Climate Conversion, Memory, and the Fire

As I was about to put together a posting with some of the liturgy from last Sunday’s Roundtable Worship, news and pictures reached me of the horrific fire on Table Mountain in Cape Town that has gutted the rare books library of the University of Cape Town. I could see the building, flames pouring out of its windows, where I had read some old journals containing articles about race relations and comparisons between South African and American experiences of “the frontier,” slavery, emancipation, and ongoing apartheid and segregation. Lost.

UCT Rare Books Library in Flames

And I thought about our loss of memory and the distorted memories that keep us from addressing our racist divisions and our alienation from a nature now consuming us. On Sunday we sought to speak about the deep conversion we must undergo to come to terms with our disruption of the world we have taken for granted. We didn’t speak about the consuming fire the Biblical writings invoke to speak of repentance and conversion. We spoke of caterpillars changing into butterflies, of renewed longing for the good. The fire devours and destroys. How can it redeem and renew?

On more than one occasion in our sojourns in Cape Town we would look with alarm at the brush fires consuming the fynbos and pine trees on Devil’s Peak behind the university. Some were “natural.” Others were set to control the accumulation of tinder-dry vegetation. We walked many times along the trails with desiccated leaves and stalks crunching underfoot. But now those paths had erupted into fires uncontained by controlled burnings. Our civilization has pressed too close upon the proper boundaries between life and life, become too contemptuous of the laws that still control our movement on this globe. The uncontrolled fire roared through the rustic café above the university buildings and somehow reached the library, turning it into a funeral pyre of collective memory. We do not yet know what other damage it caused, including to human life.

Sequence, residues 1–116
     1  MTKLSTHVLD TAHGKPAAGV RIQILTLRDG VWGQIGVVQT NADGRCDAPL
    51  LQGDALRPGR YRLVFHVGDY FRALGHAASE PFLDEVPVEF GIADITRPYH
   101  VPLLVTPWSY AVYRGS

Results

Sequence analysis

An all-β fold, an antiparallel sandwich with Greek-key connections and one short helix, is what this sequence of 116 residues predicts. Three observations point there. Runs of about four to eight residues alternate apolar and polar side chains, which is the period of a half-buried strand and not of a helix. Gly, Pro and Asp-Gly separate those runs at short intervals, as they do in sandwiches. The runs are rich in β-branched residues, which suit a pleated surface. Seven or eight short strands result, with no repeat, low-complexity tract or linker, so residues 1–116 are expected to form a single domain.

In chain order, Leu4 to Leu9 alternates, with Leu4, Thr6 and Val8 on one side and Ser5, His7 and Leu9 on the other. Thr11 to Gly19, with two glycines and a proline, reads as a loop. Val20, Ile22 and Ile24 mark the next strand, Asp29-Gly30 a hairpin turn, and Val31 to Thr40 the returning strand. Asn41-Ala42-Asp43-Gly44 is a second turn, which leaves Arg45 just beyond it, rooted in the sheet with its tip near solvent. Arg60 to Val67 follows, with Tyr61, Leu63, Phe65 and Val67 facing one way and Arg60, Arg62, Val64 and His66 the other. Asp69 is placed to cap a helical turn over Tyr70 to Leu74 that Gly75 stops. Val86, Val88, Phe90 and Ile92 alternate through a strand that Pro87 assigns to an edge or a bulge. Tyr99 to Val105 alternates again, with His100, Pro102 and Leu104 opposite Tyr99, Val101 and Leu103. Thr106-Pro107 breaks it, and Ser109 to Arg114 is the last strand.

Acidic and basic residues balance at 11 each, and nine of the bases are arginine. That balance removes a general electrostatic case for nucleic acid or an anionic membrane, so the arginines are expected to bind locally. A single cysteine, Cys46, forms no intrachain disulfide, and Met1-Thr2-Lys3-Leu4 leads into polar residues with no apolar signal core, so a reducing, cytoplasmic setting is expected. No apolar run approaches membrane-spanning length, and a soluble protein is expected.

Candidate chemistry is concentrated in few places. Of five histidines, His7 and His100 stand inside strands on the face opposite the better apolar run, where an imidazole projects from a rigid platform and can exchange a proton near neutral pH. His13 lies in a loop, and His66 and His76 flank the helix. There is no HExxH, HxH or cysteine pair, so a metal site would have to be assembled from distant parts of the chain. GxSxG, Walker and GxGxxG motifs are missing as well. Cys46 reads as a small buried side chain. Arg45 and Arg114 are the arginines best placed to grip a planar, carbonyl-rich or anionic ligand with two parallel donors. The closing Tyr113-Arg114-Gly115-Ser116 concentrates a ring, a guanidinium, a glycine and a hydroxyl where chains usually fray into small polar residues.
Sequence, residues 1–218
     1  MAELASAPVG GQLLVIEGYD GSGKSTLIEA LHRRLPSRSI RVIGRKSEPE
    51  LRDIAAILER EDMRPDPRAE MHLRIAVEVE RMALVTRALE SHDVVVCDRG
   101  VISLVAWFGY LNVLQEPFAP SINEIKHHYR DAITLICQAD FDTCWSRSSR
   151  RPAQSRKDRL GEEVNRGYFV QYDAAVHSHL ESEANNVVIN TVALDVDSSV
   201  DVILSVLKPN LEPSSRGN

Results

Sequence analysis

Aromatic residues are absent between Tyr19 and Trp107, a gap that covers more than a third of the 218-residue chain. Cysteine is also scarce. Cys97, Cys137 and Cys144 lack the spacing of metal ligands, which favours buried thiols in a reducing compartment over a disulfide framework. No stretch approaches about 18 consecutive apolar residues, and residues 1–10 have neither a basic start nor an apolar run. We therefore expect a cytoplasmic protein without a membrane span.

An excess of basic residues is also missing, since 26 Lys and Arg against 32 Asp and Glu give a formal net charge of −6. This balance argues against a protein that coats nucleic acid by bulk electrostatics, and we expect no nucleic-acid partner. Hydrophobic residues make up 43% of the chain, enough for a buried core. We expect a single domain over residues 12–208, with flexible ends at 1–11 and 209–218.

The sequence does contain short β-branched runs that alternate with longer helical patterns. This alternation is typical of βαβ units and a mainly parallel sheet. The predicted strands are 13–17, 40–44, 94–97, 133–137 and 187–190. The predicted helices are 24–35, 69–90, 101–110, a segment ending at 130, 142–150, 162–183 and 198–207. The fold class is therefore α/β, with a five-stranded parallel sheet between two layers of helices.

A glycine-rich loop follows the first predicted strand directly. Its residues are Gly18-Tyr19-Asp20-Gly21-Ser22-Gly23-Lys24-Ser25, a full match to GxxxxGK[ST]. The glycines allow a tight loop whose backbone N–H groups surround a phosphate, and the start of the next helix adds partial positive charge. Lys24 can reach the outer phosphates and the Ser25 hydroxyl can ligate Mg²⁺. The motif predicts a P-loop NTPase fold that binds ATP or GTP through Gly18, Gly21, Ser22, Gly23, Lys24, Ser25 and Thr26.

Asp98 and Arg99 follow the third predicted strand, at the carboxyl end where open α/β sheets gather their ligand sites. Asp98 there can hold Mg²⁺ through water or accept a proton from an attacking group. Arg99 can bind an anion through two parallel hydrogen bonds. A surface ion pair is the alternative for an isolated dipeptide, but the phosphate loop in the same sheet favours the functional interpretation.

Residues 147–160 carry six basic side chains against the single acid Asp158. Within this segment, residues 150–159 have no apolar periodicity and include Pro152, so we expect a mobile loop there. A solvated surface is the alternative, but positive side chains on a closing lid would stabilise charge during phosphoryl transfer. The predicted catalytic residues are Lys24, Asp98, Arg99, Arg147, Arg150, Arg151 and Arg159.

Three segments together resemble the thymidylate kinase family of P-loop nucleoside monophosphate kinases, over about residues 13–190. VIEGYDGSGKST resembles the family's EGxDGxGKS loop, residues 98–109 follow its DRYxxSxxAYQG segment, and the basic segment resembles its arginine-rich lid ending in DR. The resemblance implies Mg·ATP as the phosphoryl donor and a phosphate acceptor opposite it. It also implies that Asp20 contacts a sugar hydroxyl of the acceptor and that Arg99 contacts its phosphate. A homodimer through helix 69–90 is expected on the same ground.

We gathered virtually on Sunday to try to imagine the people we need to become in order to be faithful earthlings, stewards where we have the power, friends where we must stand among the animal equals of this world. Neither the fires nor the floods, the droughts or scorching heat, are through with us. In our fear before this storm of Nature’s rage we turn against each other, turn against the messengers of doom, turn against the very knowledge that might guide us to a new convivium with the other creatures and forces of this world.